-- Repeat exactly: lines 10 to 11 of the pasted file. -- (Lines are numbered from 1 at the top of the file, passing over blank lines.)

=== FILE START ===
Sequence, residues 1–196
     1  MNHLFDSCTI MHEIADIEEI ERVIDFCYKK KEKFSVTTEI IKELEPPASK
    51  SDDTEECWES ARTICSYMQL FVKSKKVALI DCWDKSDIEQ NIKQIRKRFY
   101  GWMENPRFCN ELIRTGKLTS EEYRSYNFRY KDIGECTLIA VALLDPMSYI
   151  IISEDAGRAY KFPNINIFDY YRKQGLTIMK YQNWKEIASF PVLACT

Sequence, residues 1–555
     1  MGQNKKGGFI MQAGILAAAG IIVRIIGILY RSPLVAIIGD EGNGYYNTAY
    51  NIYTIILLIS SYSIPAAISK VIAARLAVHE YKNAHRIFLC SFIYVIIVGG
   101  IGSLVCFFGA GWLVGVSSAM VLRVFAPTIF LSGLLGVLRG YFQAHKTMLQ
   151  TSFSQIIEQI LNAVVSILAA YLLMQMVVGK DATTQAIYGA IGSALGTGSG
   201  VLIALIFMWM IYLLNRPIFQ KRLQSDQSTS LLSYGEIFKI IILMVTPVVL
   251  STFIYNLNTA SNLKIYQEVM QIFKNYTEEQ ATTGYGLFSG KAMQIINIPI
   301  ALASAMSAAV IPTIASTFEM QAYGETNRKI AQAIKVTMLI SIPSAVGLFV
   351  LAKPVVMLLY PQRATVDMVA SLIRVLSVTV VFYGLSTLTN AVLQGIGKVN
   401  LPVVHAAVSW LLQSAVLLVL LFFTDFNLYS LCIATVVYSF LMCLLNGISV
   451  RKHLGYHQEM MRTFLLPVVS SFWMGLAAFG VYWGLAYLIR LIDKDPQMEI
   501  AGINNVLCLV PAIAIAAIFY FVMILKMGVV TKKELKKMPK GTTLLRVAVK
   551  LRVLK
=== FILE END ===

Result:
   151  TSFSQIIEQI LNAVVSILAA YLLMQMVVGK DATTQAIYGA IGSALGTGSG
   201  VLIALIFMWM IYLLNRPIFQ KRLQSDQSTS LLSYGEIFKI IILMVTPVVL